Monday, January 31, 2011

Critical Windows Flaw Targets IE

A security flaw in Windows MHTML (MIME Encapsulation of Aggregate HTML) protocol handler that is used by Windows applications to render ceertain document types can allow evil-doers to take control of a users Internet Explorer sessions.

Bill has a fix here: http://support.microsoft.com/kb/2501696 . Click the icon located about halfway down the page under Enable To lock down MHTML and follow the instructions.

Thursday, December 23, 2010

IE Exploit for Xmas!

Microsoft's Internet Explorer is the target of a new zero day attack.
Best Practice? If you're using IE, stop.
If you must use IE then perhaps Sandbox it with Sandboxie.
Why not try Firefox (with the awesome No-Script Add-on) or Opera instead?
Safer, Better and hip . . . like the kids say.
Posted by Matthew Carrick at 10:26.44 PM EST | Permanent Link
Comment by Matthew - Wednesday 05th January 2011 08:29:54 PM

Bill has posted a 'Fix it' for this annoyance here: http://support.microsoft.com/kb/2490606

| Categories: Adware/Spyware, Best Practices, Internet Explorer, Mozilla Firefox, Opera, Privacy Issues, Security Alerts, Viruses-Trojans-Worms

Tuesday, March 02, 2010

Internet Explorer F1 Key Flaw

If you use any of the last several versions of Internet Explorer you are advised to not press the F1 key if prompted by any web site. A flaw has been discovered that could open up your Windows machine (except Vista, way to go Bill!) to evil-doers. The Microsoft Security Advisory (981169) is here: http://www.microsoft.com/technet/security/advisory/981169.mspx

The quote from Microsoft below:

Successful exploitation of this vulnerability requires that users assist the exploit by pressing the F1 key on their keyboard. Our analysis shows that if users do not press the F1 key on their keyboard, the vulnerability cannot be exploited.

Consequently, malicious Web sites may attempt to persuade users into pressing the F1 key. Such a Web site could invoke an endless loop of dialog boxes that tell the user to press the F1 key to end the loop, or offer information such as pricing information or help to be revealed through the F1 key.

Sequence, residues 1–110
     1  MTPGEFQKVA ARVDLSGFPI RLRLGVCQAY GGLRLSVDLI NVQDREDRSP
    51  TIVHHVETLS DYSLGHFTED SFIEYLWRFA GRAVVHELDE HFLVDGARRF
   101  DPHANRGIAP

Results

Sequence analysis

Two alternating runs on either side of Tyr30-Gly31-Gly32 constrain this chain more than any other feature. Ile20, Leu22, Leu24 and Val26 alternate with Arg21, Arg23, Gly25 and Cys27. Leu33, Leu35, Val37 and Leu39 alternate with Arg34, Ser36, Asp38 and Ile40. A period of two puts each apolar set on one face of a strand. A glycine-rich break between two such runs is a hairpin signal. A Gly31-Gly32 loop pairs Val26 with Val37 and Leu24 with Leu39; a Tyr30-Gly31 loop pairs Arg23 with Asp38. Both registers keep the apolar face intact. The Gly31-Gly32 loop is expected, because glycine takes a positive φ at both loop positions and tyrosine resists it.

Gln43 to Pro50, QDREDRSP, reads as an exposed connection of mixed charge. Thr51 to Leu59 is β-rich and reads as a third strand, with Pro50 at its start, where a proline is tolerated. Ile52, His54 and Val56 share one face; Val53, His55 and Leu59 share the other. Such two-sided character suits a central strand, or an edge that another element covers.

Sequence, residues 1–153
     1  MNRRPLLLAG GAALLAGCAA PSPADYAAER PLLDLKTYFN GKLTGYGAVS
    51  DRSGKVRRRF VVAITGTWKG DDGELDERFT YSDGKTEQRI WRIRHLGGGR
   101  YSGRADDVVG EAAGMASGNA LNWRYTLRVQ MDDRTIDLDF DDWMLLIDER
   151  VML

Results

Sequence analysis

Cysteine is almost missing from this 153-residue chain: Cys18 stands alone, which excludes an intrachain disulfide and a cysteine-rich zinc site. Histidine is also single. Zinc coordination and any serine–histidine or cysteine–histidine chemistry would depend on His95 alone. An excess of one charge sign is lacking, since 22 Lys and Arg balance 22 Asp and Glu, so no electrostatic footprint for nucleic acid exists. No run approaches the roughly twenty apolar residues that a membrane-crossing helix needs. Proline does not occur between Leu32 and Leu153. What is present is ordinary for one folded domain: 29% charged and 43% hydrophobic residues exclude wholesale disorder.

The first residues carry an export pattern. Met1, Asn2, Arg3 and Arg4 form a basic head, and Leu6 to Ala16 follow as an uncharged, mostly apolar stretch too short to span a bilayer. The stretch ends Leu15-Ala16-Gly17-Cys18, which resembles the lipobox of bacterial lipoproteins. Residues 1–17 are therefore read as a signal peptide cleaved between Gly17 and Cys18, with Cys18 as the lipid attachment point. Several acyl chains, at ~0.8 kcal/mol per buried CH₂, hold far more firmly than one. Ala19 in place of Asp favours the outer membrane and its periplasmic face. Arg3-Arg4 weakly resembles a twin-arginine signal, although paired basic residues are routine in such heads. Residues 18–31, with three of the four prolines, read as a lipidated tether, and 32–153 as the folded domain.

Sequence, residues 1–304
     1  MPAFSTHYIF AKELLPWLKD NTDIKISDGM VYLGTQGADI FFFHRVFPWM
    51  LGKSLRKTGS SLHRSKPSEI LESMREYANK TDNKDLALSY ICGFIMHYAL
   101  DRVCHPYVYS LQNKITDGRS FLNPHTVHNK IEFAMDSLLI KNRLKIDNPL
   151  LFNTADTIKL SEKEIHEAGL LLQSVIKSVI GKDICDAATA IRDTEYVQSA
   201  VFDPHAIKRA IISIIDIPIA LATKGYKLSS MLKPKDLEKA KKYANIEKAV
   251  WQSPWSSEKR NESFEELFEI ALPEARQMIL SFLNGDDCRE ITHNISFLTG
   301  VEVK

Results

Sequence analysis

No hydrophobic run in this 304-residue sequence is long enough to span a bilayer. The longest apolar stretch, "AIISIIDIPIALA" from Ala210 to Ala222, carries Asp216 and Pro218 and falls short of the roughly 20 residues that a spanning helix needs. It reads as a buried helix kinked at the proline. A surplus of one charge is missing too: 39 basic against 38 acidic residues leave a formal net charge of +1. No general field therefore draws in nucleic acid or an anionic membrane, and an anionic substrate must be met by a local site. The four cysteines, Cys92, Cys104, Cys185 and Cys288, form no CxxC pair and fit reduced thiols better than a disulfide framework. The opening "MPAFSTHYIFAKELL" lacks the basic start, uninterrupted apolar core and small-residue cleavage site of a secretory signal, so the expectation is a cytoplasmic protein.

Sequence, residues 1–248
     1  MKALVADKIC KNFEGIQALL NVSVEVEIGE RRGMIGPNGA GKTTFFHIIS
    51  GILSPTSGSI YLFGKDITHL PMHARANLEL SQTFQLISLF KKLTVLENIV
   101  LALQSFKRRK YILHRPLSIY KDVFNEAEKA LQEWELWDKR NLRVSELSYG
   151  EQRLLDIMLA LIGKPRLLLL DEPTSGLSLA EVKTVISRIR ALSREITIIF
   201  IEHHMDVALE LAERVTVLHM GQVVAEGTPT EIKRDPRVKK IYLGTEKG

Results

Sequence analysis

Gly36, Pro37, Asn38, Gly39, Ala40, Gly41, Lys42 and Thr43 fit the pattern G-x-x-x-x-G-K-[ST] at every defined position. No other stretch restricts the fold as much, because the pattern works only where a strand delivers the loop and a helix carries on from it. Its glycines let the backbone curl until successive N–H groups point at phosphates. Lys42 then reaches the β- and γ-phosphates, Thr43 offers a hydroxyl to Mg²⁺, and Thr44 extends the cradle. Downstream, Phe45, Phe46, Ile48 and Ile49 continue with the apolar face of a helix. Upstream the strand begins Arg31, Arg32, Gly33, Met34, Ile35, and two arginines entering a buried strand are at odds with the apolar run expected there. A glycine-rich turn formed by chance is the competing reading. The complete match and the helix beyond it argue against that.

Users are advised to avoid pressing F1 presented by Web pages or other Internet content. If a dialog box appears repeatedly in an attempt to convince the user to press F1, users may log off the system or use Task Manager to terminate the Internet Explorer process.

Posted by Matthew Carrick at 1:37.10 PM EST | Permanent Link

| Categories: Best Practices, Internet Explorer, Security Alerts

Wednesday, December 17, 2008

IE Patched in Record Time

Microsoft has patched the critical flaw in its Internet Explorer browser in mere days. Good job! If you have Windows Automatic Update turned on you should already be patched depending on when you have set your PC to download and install the fix.

Windows Update View of Hotfix KB960714

With more and more people aware of the problem it was incumbent upon Bill to fix the problem before even more folks ditched IE for more secure browsers such as Opera or Firefox. Either you're part of the problem or part of the solution and although Microsoft was late in embracing the Internet it seems they are moving towards being less of a vector for malware, spyware, viruses, etc. Let's hope the upcoming IE 8 is an even better experience for the vast number of users who, for some reason, never get the itch to try other browsers.

Posted by Matthew Carrick at 6:24.42 PM EST | Permanent Link

| Categories: Internet Explorer, Security Alerts